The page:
So why did Tillis do it? Why did he direct officials to evict the protesters when he could have just as easily walked right past them quietly (perhaps even feigning a cell phone conversation) or – Heaven forbid – stopped to engage them? The answer is obvious. It’s the same reason he made his infamous “divide and conquer” speech, the same reason lawmakers held a midnight session to punish the N.C. Association of Educators and the same reason House leaders shut off debate repeatedly during the 2011 session: Tillis and his team are in over their heads.
Like a lot of political leaders who ascend to power rapidly and without much experience, Tillis, Senate leader Phil Berger and their teams simply don’t have the kind of experience, wisdom or confidence necessary to govern effectively. Lacking much real experience in state government (and, indeed, possessed of an ideological opposition to government generally), they also lack the capacity to assess their opposition, to listen to its spokespeople or to debate and engage with it effectively. Like a petrified monarch afraid of his own illegitimacy, they are fearful, ignorant of history and their critics and prone to overreact to challenges.
The result of this fear and ignorance is palpable. Even as recently as a few years ago, the visible law enforcement in the General Assembly consisted almost exclusively of a small handful of retired gentlemen serving as sergeants-at-arms. Democratic legislative leaders met regularly in all sorts of venues (hallways, committee rooms, offices) with citizen groups – both friendly and hostile. Conservative gun advocates, abortion protesters and property rights crusaders frequently trolled the hallways confronting lawmakers. Had former leaders Joe Hackney or Marc Basnight ever ordered the removal of such groups, you can rest assured that the groups on Right-wing Avenue would have been screaming at jet engine decibels about “jack-booted thugs.”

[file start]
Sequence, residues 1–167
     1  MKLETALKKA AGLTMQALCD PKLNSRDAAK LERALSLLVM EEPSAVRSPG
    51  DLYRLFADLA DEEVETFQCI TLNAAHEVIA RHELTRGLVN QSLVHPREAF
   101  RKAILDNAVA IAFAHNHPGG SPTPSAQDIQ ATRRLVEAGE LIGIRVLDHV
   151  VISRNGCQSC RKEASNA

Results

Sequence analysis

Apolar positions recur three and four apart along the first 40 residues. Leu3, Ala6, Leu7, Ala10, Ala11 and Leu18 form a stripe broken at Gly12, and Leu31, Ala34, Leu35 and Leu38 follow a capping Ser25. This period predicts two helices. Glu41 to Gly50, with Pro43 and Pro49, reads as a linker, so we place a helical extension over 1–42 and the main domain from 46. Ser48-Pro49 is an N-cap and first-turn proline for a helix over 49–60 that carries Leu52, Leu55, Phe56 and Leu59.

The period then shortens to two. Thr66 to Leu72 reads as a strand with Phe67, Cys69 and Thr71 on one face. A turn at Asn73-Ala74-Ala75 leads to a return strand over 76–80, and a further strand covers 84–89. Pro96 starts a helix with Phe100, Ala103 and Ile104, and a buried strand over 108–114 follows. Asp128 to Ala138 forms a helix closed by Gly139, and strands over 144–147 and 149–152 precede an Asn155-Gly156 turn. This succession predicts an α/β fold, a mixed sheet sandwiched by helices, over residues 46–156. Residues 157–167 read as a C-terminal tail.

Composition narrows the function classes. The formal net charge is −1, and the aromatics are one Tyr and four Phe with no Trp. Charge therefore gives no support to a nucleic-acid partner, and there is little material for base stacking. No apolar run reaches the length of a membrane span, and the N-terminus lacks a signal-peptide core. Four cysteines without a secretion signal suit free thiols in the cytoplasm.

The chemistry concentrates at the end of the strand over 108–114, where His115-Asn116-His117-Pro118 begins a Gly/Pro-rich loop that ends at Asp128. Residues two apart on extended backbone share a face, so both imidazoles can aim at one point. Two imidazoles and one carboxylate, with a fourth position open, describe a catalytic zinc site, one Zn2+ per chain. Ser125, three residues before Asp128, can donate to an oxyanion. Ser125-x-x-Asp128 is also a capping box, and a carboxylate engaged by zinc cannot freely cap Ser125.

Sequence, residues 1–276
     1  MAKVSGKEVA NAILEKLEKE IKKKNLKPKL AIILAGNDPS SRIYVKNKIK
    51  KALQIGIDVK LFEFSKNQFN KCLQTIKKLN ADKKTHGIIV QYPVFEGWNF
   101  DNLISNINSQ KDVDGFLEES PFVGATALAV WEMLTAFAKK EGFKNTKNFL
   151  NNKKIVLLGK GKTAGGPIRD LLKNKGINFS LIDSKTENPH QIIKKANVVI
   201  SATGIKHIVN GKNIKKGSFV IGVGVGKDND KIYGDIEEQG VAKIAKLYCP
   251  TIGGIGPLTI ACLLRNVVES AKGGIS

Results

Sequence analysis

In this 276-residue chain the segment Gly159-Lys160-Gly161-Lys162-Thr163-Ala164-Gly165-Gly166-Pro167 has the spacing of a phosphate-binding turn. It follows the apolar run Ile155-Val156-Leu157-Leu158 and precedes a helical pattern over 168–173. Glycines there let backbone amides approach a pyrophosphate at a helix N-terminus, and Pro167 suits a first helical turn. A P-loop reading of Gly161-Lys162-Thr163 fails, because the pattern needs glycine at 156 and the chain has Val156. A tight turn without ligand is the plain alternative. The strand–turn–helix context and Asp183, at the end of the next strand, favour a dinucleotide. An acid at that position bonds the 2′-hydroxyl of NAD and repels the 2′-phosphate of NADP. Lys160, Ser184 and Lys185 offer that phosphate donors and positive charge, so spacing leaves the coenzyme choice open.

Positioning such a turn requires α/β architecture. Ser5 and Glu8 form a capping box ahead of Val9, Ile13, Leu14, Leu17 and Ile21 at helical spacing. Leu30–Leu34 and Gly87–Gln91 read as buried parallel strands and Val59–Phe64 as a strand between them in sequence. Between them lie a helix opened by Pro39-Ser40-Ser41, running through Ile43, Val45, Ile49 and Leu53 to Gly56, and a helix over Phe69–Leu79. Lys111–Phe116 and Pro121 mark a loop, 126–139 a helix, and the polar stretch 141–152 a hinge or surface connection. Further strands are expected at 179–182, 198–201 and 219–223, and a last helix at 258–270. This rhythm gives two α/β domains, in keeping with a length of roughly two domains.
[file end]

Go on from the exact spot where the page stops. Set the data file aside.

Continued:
But, today, things are noticeably different; security officials are everywhere in the General Assembly. Tillis even takes them with him to his out-of-town political speeches, where they command the audiences to recite the Pledge of Allegiance. Moments after last week’s eviction, Tillis invited a member of the General Assembly police to help convene the session with an explicitly Christian invocation. It’s as if these people have been integrated into the leadership team itself.
So what’s next? Let’s hope Tillis and his team will learn something from their latest P.R. disaster. With any luck, it might cause them to reexamine some of their approaches to governance.
But don’t hold your breath. When so much of the philosophy that guides a political movement is based on fear of change, willful ignorance of the past and a commitment to governance by an exclusive, wealth-based aristocracy, more fiascos like last week’s are almost inevitable.